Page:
At some point in your life, you'll probably be faced with the question of whether you need life insurance. Life insurance is a way to protect your loved ones financially after you die and your income stops. The answer to whether you need life insurance depends on your personal and financial circumstances.
Term life insurance provides life insurance coverage for a specific time period (the term). It is often referred to as pure insurance. The face amount of the policy is paid if you die during the term of the policy. When you live longer than the term of the insurance coverage, nothing is paid, as there is no cash surrender value.
Cash value, or permanent, life insurance is life insurance that is designed to be kept until your death--whenever that may be. Part of your premium pays for the "pure" insurance coverage and expenses, and the balance is held by the insurance company in a cash value account. The type of permanent life insurance you buy (e.g., whole, universal, variable) will influence the pace at which the cash value portion of your policy grows. The interest and earnings grow tax deferred until you withdraw the funds, and may be part of the income-tax-free death benefit if you die. However, these policies may require a higher cash outlay than term life policies.
Most people associate long-term care with the elderly. But it applies to the ongoing care of individuals of all ages who can no longer independently perform basic activities of daily living (ADLs)--such as bathing, dressing, or eating--due to an illness, injury, or cognitive disorder.
People ordinarily buy property and casualty insurance to protect their possessions (houses, cars, and furniture) and life insurance to provide income for their survivors. However, many people don't think about protecting their income with disability income insurance. But how well could you live if you weren't able to work? Disability is an unpredictable event, and if you become disabled, your ability to make a living could be restricted. Although you may have enough money in the bank to meet your short-term needs, what would happen if you were unable to work for months or even years? The real value of disability income insurance lies in its ability to protect you over the long haul.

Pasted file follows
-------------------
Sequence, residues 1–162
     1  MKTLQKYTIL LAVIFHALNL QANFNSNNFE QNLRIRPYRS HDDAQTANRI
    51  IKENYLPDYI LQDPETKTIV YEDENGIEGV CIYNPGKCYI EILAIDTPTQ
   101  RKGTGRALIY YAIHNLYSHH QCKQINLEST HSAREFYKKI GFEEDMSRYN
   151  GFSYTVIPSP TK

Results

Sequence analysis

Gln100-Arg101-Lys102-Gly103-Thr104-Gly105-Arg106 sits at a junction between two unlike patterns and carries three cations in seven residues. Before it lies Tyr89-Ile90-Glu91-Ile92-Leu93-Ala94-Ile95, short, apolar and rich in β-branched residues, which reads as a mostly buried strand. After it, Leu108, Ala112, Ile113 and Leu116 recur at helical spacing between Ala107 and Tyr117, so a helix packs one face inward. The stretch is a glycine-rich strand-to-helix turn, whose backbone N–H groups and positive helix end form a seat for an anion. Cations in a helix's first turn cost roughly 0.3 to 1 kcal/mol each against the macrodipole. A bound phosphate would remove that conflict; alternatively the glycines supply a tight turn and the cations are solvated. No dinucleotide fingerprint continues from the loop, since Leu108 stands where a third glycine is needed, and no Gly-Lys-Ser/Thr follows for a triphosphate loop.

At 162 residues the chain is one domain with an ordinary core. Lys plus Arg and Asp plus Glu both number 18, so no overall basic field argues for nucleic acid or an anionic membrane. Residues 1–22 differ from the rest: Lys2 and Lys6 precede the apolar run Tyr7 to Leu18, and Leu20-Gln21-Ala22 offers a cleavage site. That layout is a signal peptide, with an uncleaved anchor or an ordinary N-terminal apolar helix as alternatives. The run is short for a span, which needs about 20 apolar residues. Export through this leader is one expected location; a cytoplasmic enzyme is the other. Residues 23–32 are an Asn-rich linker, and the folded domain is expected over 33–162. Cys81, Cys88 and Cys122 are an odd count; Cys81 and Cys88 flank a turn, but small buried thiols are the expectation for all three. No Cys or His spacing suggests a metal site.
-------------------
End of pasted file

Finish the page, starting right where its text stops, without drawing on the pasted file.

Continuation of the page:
Let's face it--in today's world, health insurance is a necessity. With the cost of medical care soaring higher every year, it's becoming increasingly difficult (and in some cases, impossible) to pay medical costs out of pocket. Having health insurance provides a safety net, in case you end up with a serious injury or illness, and helps with smaller expenses in the form of free preventive care.
Insurance policies contain exclusions, limitations, reductions of benefits, and terms for keeping them in force. Not everyone will qualify for insurance. Rates are determined by various factors, including but not limited to age, health, and medical history. Extra riders increase the cost of premium. Your financial professional can provide you with costs and complete details. Guarantees are subject to the claims paying ability of the underlying Insurance company. Loans and withdrawals reduce the policy’s cash value and death benefit and increase the chance that the policy may lapse. Using acceleration of death benefits will reduce the benefit available at time of death. If the policy lapses, terminates, is surrendered or becomes a modified endowment, the loan balance at such time would generally be viewed as distributed and taxable under the general rules for distributions of policy cash values.